Whenever one points this causal connection — as I’ve done the last two days — one is immediately smeared with the same trite decade-old Rovian insults used to impugn critics of American aggression and militarism in the War on Terror (Andrew Sullivan has hauled them all out in the last couple days: you don’t care about 9/11, 9/11, 9/11 and 9/11; you want Osama bin Laden to be on the loose killing Americans, etc. etc. (apparently, wanting bin Laden treated like Nazi war criminals — arrested, tried and then punished if convicted — is tantamount to advocating for his freedom)). The constant assumption in American political discourse is that there are so very many people in the world eager to attack the U.S. — The Terrorists — but the question of why this is so is simply never asked (actually, I ask that question often, but aside from patent propagandistic pap (they hate us for our Freedom) it’s rarely answered).
In response to my argument over the last two days that ongoing U.S. aggression is making a Terrorist attack more rather than less likely, Sullivan rhetorically asked: “is he not living on the same planet I am?” Actually, I’m not: I’m living on the same planet as most of the people on Earth, who share these views and reject Sullivan’s; I’m living on the same planet as Ibrahim Mothana, who sees these truths in his daily life; I’m living on the same planet as the mountain of empirical evidence that explains why there are so many people eager to bring violence to the U.S. (as opposed to, say, Peru, or South Africa, or Finland, or Brazil, or Japan, or Portugal, or China).
I know it’s difficult for someone to realize this when they believe that what appears on CNN and MSNBC represents the full range of mainstream political ideas on the planet, but cheering for American violence and affirming its imperial prerogatives to attack anyone it wants isn’t the norm in the world. That mindset is a small, heinous aberration. Read Ibrahim Mothana’s Op-Ed today to understand why that is.
UPDATE: Related to this, also worth watching is Jon Stewart’s five-minute commentary last night on Obama’s kill list, his re-definition of “civilian,” and the war on leaks:
NASA astronaut Mike Hopkins
On December 28, 2013, Expedition 38 crew member Mike Hopkins participating in the second of two space walks to replace a degraded pump module on the International Space Station. (NASA astronaut Rick Mastracchio is reflected in his helmet!)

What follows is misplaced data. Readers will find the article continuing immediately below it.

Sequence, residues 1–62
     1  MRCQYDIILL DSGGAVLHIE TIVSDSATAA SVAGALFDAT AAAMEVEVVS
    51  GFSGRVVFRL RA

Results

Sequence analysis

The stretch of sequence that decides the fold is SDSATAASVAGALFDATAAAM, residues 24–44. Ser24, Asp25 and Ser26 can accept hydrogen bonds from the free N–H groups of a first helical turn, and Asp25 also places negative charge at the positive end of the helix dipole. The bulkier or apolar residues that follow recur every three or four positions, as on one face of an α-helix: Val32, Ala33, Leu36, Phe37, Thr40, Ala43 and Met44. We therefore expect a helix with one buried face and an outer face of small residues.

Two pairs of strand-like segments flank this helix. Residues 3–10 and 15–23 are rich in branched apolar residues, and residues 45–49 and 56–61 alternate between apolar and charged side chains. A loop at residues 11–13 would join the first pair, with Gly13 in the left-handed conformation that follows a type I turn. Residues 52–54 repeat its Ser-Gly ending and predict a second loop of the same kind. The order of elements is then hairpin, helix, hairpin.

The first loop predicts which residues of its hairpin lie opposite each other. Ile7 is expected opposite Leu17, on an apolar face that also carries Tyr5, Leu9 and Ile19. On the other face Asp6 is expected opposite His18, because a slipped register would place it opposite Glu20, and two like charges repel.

The Soyuz TMA-10M
The Soyuz TMA-10M headed towards the International Space Station with crew members from Expedition 37 onboard.
40 years ago the Apollo 8 mission flew up to the moon, orbited it ten times and then returned to Earth. This picture was taken from that flight and shows the Earth as it seemingly rises in similar fashion to a sunrise.
Sunrise from Expedition 36
NASA Flight Engineer Karen L. Nyberg of Expedition 36 took this photo of the sun rising -- a sight they saw nearly 16 times per day due to the speed of the International Space Station's orbit around the earth.
A pair of NanoRacks CubeSats -- nanosattelite spacecrafts carrying experiments -- were launched by Expedition 38.
Glenn Greenwald (email: GGreenwald@salon.com) is a former Constitutional and civil rights litigator and is the author of three New York Times Bestselling books: two on the Bush administration's executive power and foreign policy abuses, and his latest book, With Liberty and Justice for Some, an indictment of America's
two-tiered system of justice. Greenwald was named by The Atlantic as one of the 25 most influential political commentators in the nation. He is the recipient of the first annual I.F. Stone Award for Independent Journalism, and is the winner of the 2010 Online Journalism Association Award for his investigative work on the arrest and oppressive detention of Bradley Manning.